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Ft Lauderdale’s World AIDS Museum is Preserving Queer History

With dozens of LGBT-friendly hotels, more than 40 gay nightlife venues, gorgeous beaches, and warm winter weather, it is easy to see why Fort Lauderdale is a favorite vacation spot for the LGBT community. I’ve been eyeing up Fort Lauderdale for years because I knew they were the only city in the world to prioritize transgender travel.

Fort Lauderdale has funded research on the needs of transgender travelers, provided inclusive training opportunities for tourism professionals on best practices for working with transgender clients and they used three different transgender models in their mainstream advertising campaigns this year. Not to mention the fact, the Ft Lauderdale tourism staff have spoken at conferences all over the world about the need for more awareness on transgender and gender nonconformity in the travel space. I’m proud to support a destination that is centering the most marginalized in our community.

While we were in town we had to visit the historic gayborhood, Wilton Manors. Wilton Manors’ main thoroughfare, Wilton Drive is home to all kinds of LGBT centric nonprofits like Out of the Closet Vintage, Stonewall National Museum and Archives and Good Luck Cat Cafe – there’s a lesbian joke somewhere with that last one – but I’m going to let it go for now.

Anyway, we wandered around the shops, stopped to have lunch at Rosie’s Bar and Grill, and eventually made our way down to The World AIDS Museum. The World AIDS Museum is the first museum dedicated to the HIV/AIDS epidemic. The Educational Center provides information on treatment & prevention of HIV. We stopped in for a tour with the Director of Operations, Ed Sparan.

As soon as we walked through the door we were greeted by Ed’s unique brand of delivery. He was able to walk us through a museum focused on a very somber topic without making the afternoon feel unbearably heavy. He walked us through a timeline of HIV/AIDS history starting in 1908 pointing out various points in history with narratives that ran counter to what I’d learned in school. Like did you know one of the first westerners to die from the virus was a woman? Grethe Rask was a Danish physician who worked in the Congo and died from an unknown illness in 1977. A sample of her blood was later tested and they discovered traces of the virus.

I went to school for 20 years and never received so much as one sentence of LGBT-specific content in sex education – or well – any subject for that matter. What little curriculum we had on HIV/AIDS always circled around the issue and taught the subject matter as if it was a problem that occurred elsewhere or in the past. As an adult, I know that couldn’t be further from the truth. As Ed was walking around the museum he commented that many young people believe you can take a pill every day and be perfectly fine if you contract the virus. He commented several times that he believes the students who come to see his presentations don’t understand the implications of HIV and generally fail to see the broader impacts of the virus. He creates works of art to dispel these myths with a visual representation of the illness. One of the more jarring pieces is a very large red ribbon made of out  $333,000 worth of medication bottles collected over the course of 10 years.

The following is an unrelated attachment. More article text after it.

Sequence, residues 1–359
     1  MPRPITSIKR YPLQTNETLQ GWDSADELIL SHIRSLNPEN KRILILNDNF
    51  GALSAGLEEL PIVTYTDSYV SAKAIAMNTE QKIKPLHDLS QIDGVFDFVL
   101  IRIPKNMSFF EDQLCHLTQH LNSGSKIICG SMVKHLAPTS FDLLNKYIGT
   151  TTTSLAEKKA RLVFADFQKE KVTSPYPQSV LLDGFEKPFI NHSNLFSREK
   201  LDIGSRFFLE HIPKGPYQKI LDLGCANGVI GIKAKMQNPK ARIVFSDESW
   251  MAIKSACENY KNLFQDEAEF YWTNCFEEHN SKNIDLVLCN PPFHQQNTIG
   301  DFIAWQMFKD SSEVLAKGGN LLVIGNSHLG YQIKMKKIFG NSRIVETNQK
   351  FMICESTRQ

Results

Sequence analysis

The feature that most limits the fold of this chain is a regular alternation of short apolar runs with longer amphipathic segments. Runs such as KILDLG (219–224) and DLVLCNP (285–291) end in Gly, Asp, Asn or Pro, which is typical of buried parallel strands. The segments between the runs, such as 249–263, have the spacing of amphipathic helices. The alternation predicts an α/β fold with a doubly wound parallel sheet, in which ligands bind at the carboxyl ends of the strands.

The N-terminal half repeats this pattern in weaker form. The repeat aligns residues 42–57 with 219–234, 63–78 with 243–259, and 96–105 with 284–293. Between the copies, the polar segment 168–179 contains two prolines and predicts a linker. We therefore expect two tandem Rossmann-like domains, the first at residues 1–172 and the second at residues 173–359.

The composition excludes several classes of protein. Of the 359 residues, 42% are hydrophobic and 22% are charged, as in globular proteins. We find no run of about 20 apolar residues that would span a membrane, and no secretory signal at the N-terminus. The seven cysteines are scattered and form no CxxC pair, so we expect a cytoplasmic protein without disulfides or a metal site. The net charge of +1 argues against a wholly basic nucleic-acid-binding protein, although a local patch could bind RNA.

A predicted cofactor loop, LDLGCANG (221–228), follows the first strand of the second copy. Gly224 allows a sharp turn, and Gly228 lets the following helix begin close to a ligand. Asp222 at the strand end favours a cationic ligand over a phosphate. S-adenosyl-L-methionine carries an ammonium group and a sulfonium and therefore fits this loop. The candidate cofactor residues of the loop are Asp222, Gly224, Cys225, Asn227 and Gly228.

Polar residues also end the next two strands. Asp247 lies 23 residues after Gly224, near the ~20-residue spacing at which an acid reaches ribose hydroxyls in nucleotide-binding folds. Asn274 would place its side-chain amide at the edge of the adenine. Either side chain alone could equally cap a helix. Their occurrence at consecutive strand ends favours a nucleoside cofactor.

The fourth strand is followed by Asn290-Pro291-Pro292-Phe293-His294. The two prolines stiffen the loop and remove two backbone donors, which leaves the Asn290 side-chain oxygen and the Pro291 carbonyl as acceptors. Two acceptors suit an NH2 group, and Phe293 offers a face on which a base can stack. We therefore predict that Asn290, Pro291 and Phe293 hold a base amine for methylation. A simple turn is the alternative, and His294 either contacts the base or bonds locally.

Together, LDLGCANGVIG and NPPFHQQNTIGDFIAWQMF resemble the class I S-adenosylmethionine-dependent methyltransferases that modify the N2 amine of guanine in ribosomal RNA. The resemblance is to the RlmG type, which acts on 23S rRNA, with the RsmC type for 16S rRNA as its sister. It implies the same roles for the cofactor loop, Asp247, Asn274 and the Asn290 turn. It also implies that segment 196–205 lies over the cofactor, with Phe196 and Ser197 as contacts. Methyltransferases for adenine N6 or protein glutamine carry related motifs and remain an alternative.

Queer women have been long ignored in HIV and STI programs. We need and deserve tailored interventions that are specific to our culture and sexual practices. With research-based education comes better health outcomes. HIV transmission between women, although rare, is possible but we are also at a higher risk for herpes, chlamydia, and bacterial vaginosis infections, as well.

As I was going to the museum, I kept thinking, knowledge is the only way we as a community will be able to fight and prevent this to happen again. We have to help create information that is culturally relevant to our community like this Safe Sex 101 post from AutoStraddle. We also need to get tested and know our status. These days you can find a local testing center via the CDC or if you’re worried about privacy issues you can order a testing kit from Health Testing Centers.

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